That all changed as the response from Bush and Co. began to take shape. Instead of beginning a national conversation, they urged everyone to go shopping. And they began pushing for war. Worse, the "with us or against us" dynamic emerged, splitting the sense of unity I think most of us felt. I remember quite clearly that the flags on the cars in my community began to feel less like a recognition of a traumatic experience we had all shared and more like jingoistic support for Bush's militarism. I removed my flag, as did many others, and the flags that remained were inevitably displayed by people who also were strong supporters of Bush.
And to this day, I remain conflicted about how to feel about 9/11. After the attacks there was a moment when we might have been able to move forward in some productive directions, to tackle some really difficult issues, with a unified sense of purpose. This moment was replaced with political division and hostility toward dissent. So it's not that I feel that the right owns 9/11. I feel that the right corrupted a precious opportunity for real progress. And we're still paying the price, not only for the lost opportunity, but also for the effects of the dreadful actions that 9/11 gave rise to.
It's hard to commemorate 9/11 without being overwhelmed by disappointment and frustration about the awful stuff that followed.
And from TPM Reader LF ...
I have been a reader since the (very) early days but haven't ever emailed you before. Like your wife, I worked in the World Financial Center on 9/11. I exited the subway at about 8:55 and witnessed and fled the 2nd impact from across the street. If you are interested, you can read more here.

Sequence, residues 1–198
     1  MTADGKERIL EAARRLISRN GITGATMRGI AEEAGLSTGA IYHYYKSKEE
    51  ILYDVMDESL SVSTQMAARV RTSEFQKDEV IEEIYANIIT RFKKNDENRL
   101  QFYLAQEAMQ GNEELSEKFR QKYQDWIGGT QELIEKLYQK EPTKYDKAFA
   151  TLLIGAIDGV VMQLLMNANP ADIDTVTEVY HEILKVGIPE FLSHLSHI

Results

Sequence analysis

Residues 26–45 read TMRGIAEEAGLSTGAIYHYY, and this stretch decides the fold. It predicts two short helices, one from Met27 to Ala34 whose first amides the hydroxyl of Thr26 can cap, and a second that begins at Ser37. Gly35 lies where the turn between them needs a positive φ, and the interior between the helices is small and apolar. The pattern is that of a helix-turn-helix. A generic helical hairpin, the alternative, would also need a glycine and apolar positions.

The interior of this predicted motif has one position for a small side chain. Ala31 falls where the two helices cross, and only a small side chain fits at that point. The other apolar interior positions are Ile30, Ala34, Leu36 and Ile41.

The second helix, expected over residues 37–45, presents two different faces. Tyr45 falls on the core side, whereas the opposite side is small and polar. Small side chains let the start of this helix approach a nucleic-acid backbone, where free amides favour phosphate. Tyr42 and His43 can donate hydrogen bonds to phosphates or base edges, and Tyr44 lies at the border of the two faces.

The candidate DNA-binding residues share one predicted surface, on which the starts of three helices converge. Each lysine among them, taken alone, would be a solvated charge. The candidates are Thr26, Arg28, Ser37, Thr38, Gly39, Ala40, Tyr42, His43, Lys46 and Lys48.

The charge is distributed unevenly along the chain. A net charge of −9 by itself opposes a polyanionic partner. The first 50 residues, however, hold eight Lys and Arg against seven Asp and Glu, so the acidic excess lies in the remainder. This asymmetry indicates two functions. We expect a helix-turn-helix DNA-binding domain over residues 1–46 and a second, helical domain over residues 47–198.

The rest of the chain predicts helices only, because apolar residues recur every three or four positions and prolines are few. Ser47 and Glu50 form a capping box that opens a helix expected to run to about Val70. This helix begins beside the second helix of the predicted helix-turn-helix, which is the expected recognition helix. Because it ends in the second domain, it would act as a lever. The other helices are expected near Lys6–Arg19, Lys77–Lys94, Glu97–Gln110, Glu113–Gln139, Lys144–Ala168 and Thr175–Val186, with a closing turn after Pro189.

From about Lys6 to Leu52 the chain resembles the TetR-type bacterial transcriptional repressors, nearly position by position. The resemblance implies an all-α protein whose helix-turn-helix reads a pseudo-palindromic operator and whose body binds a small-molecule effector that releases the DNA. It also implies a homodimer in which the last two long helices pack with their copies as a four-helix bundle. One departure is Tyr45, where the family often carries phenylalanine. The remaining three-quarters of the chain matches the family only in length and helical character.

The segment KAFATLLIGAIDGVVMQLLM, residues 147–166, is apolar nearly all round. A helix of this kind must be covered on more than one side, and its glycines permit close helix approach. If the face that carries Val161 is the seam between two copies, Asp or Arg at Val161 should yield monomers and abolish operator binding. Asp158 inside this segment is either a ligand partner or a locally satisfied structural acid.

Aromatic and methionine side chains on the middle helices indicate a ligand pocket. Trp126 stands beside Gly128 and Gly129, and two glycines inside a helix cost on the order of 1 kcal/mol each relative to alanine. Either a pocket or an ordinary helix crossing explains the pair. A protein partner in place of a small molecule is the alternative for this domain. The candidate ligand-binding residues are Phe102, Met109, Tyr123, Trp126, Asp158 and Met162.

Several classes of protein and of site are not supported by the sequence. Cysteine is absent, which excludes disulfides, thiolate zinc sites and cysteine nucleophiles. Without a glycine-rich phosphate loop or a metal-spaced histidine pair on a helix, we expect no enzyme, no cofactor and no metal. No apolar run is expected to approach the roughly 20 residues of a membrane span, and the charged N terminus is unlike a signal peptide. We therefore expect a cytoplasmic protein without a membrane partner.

I left New York in 2002 and never returned to my WFC office before the building reopened. I've lived since then in Boston, Alaska, Washington, DC, and now Oregon. As time goes by the national trauma has receded, a lot, so being away from the Northeast makes each anniversary more difficult. It just doesn't occur to most people on the West Coast that the anniversary would be traumatic. For the general population, I think that is healthy, but for survivors and witnesses of the event it is increasingly isolating to go from the embrace of a larger community to having to act like everything is normal. This year I just took the day off and played with our baby and watched the History Channel documentaries because they validated my experience.
At a political level, Bush and Rove's instant politicization of the issue did all of us a great disservice. The way they used 9/11 as a cudgel did reinforce the idea that it is owned by the right. But it's also of a piece with the "fly the flag" days of Nixon.